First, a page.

Maisie from Gippsland

Maisie’s doing the hard yards with a smile

Maisie, 2, needs regular treatment at the hospital for a rare condition called lymphatic malformation.

After 24 appointments in the past 12 months, Mickey and Hayden Davies know the road from their Warragul home to the Royal Children’s Hospital all too well.

Maisie, 2, needs regular treatment at the hospital for a rare condition called lymphatic malformation.

The condition causes Maisie’s face to swell and mouth to bleed every few weeks.

And it means she will be a patient at the Royal Children’s for her entire childhood.

Mrs Davies said the decision to share the Good Friday Appeal’s funding with regional hospitals would make an enormous difference to families like hers.

“That’s going to be amazing, because if we have to come in it’s a four-hour return trip every time,” she said.

“And sometimes it’s days, so it’s going to be amazing to be able to go a bit more local so we’re not spending days out this way. It’s a benefit for us and everyone out in our area.”

Maisie, a lockdown baby, was born with her condition.

But it didn’t become obvious until she got Covid at nine months and one side of her face swelled up alarmingly.

“It wouldn’t go down, and it kept growing every time she got sick,” Mrs Davies said.

“We saw the specialists and they said they thought it was cancer, so we had a few scary weeks where we had to try and work out what was going on.”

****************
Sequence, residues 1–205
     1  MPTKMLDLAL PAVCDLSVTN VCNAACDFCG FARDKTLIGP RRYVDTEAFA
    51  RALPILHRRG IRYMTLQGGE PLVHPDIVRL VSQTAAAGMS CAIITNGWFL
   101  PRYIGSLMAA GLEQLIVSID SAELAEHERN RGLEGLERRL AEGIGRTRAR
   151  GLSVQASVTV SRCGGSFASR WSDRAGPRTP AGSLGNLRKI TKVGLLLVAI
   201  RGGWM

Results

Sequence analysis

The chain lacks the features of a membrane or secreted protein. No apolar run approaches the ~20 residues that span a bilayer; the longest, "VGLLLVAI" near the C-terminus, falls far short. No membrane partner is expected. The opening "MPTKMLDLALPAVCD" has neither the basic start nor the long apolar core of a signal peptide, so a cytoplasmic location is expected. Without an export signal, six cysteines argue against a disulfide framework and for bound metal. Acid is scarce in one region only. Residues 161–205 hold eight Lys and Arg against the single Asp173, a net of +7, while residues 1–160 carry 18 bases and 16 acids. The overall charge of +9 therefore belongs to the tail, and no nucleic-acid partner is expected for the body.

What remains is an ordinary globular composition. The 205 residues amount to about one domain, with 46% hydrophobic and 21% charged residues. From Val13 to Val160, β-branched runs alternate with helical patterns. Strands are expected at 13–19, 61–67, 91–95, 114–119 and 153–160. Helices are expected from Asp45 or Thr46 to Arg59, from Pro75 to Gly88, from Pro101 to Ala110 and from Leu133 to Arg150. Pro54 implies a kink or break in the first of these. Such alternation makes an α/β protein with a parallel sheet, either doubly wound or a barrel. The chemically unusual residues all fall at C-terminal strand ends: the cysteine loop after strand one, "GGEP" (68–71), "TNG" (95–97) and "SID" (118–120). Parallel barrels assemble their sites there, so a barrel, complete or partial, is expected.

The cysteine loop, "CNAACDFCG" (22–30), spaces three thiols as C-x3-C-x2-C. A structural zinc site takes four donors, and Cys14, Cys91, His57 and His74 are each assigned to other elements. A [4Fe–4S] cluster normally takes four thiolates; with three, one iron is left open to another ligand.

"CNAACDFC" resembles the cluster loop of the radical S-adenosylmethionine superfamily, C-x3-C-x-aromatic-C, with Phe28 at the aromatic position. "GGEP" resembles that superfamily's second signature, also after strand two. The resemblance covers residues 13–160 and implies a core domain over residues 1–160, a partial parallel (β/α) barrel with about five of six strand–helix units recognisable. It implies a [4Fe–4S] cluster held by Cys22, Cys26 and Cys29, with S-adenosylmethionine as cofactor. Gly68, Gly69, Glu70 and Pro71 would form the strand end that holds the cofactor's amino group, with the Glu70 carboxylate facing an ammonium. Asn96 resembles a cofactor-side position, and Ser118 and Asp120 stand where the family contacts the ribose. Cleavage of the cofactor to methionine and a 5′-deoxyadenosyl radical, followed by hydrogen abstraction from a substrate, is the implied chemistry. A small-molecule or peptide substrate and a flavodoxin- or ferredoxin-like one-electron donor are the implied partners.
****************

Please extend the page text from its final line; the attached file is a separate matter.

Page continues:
Maisie was referred to the Royal Children’s, where her condition was diagnosed just before her first birthday.

Maisie has been treated by a team of specialists from a range of disciplines ever since.

“Her lymphatic system cells have kind of bundled together and caused these knots in her cheek, so they’ve created cysts,” Mrs Davies said.

“The micro cysts fill up with fluid and blood when she’s sick so they cause bleeds and swelling, so she quite often is in pain. It can be caused by sickness, or by her knocking it, or it can just be spontaneous … it’s always a guessing game.”

The most terrifying moment was when Maisie’s face “doubled in size” out of the blue a year ago. “We didn’t know if it was going to stop,” Mrs Davies said.

Maisie’s clinical nurse consultant, Jodie Simpson, said specialists from a wide variety of disciplines at the hospital worked together to offer her the best possible treatment.

“We see a number of kids like Maisie with very disfiguring lymphatic malformations involving their face and their neck,” she said.

“Lymphatic malformations can vary from a tiny little malformation that’s not causing too many issues to major functional impairment that really affects quality of life, and Maisie probably falls into that category.

“But she’s very resilient.”

Maisie has undergone sclerotherapy – a drug was injected into the cysts to try to reduce the swelling – and will have plastic surgery this year.

She’ll have a debulking surgery where they’ll do a partial facial reconstruction on her lip and cheek and jaw,” Mrs Davies said.

The Davies can’t speak highly enough of the world-class care they’ve had at the Royal Children’s.

“Having people who are experts in her condition is amazing. And they are liaising with lots of specialists overseas as well,” Mrs Davies said.

Written by Jen Kelly
Photos by David Caird
Published in the Herald Sun 09/02/2024

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